Learn How To Paint Using Watercolor: Essential Watercolor Techniques All Painters Need to Know


The wet-on-wet approach showcases the best quality of watercolor paint—its ability to create beautiful ethereal washes. To produce this technique, simply wet part of the paper with your brush. (You can use either water or a little pigment.) Then, dip your brush into another color and lightly dot it on the wet area and watch as the pigment feathers.


Dry brush is just as it sounds; take a dry (or mostly dry) brush and dip it into your paint. Afterward, spread it over a dry piece of paper. The result will be a highly textured mark that’s great for implying fur or hair.


Rubber cement (like masking tape) acts as a resist for watercolor. Apply this material in places where you don’t want the pigment to go. Once the watercolor is dry, peel the rubber cement or masking tape from the page. You’ll see the paper underneath. This is a great solution for preserving white paper among the rest of your painting.


When applied to watercolor paper, salt will soak up some of the color and create a sandy-looking effect on the page. Begin by laying down a wash that’s “juicy”—you want to have some extra pigment on the paper. After you’ve painted the color, spread the salt on top of it. Once the painting is completely dry (it’s best to wait overnight), scrape the salt from the page.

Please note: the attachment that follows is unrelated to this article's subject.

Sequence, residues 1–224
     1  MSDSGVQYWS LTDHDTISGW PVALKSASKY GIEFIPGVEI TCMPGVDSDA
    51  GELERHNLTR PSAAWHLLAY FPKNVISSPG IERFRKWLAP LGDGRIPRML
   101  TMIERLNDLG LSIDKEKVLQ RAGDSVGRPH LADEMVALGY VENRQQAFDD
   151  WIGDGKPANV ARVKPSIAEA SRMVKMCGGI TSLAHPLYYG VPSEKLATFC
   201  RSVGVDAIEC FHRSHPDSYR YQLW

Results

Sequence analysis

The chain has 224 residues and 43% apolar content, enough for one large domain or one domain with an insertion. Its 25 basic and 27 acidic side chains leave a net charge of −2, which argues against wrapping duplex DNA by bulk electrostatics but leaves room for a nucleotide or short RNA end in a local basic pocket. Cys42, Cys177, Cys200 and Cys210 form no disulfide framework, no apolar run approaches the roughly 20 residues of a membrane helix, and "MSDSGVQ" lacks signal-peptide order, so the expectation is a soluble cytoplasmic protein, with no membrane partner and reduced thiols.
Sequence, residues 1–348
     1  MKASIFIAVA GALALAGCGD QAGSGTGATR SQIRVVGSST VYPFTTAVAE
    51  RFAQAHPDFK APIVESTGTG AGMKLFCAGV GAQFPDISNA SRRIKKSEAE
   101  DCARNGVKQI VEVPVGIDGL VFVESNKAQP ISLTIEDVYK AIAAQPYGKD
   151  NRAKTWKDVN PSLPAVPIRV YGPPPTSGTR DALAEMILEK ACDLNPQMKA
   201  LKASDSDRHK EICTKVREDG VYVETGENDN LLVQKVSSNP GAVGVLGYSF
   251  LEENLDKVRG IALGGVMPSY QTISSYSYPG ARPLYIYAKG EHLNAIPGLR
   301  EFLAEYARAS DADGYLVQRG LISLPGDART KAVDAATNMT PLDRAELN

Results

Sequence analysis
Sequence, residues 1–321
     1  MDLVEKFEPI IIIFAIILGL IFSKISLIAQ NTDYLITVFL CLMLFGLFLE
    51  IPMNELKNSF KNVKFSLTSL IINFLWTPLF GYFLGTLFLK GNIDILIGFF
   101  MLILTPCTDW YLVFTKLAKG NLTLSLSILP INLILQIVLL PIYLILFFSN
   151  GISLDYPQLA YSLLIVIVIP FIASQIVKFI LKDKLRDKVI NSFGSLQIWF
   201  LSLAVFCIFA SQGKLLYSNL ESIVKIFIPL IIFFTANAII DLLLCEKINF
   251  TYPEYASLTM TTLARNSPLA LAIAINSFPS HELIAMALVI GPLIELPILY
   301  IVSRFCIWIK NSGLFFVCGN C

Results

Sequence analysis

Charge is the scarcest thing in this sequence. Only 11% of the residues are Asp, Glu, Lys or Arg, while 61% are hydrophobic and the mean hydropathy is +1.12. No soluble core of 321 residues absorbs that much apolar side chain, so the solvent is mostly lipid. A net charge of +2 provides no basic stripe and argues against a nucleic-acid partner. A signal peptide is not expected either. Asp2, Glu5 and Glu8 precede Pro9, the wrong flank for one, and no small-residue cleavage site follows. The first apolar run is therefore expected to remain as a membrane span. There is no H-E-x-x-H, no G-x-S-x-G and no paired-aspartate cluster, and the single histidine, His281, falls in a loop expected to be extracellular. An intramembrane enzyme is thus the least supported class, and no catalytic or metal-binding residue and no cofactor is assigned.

There are a few ways to lift paint from the page, and they all involve plastic—saran wrap being them most popular. Like the salt method, began with a wash that’s got some extra pigment to it. Then, place a sheet of plastic wrap on top of the painting; it’s best if you’ve crinkled it or have creased it. Wait for the paint to fully dry. The pigment will pool under the plastic and create an interesting texture.


Watercolor paint and rubbing alcohol are akin to oil and water. Once you paint a wash, take a utensil (like a q-tip) and dab alcohol onto the wet surface. It will create an alluring effect that’s reminiscent of tie-dye.


Scratch-off, or sgraffito, involves scratching the paper to create small indentations. Start by painting a wash where you’d like the scratch texture to go. While still wet, take a sewing needle (or another sharp object) and drag it across the paper. Paint will fill the punctured surface and appear darker and more defined than the rest of your wash.


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